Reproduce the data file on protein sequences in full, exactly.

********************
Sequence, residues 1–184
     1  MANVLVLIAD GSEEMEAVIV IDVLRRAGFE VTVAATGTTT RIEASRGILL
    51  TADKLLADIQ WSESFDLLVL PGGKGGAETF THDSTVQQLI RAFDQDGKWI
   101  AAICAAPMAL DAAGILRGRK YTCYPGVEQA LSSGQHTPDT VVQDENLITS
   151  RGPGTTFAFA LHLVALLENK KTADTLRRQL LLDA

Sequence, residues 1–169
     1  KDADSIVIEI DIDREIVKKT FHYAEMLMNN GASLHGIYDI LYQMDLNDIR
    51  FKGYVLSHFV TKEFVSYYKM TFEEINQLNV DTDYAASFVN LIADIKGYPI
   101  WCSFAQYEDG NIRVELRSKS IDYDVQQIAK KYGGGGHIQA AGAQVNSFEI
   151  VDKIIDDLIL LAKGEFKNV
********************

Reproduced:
Sequence, residues 1–184
     1  MANVLVLIAD GSEEMEAVIV IDVLRRAGFE VTVAATGTTT RIEASRGILL
    51  TADKLLADIQ WSESFDLLVL PGGKGGAETF THDSTVQQLI RAFDQDGKWI
   101  AAICAAPMAL DAAGILRGRK YTCYPGVEQA LSSGQHTPDT VVQDENLITS
   151  RGPGTTFAFA LHLVALLENK KTADTLRRQL LLDA

Sequence, residues 1–169
     1  KDADSIVIEI DIDREIVKKT FHYAEMLMNN GASLHGIYDI LYQMDLNDIR
    51  FKGYVLSHFV TKEFVSYYKM TFEEINQLNV DTDYAASFVN LIADIKGYPI
   101  WCSFAQYEDG NIRVELRSKS IDYDVQQIAK KYGGGGHIQA AGAQVNSFEI
   151  VDKIIDDLIL LAKGEFKNV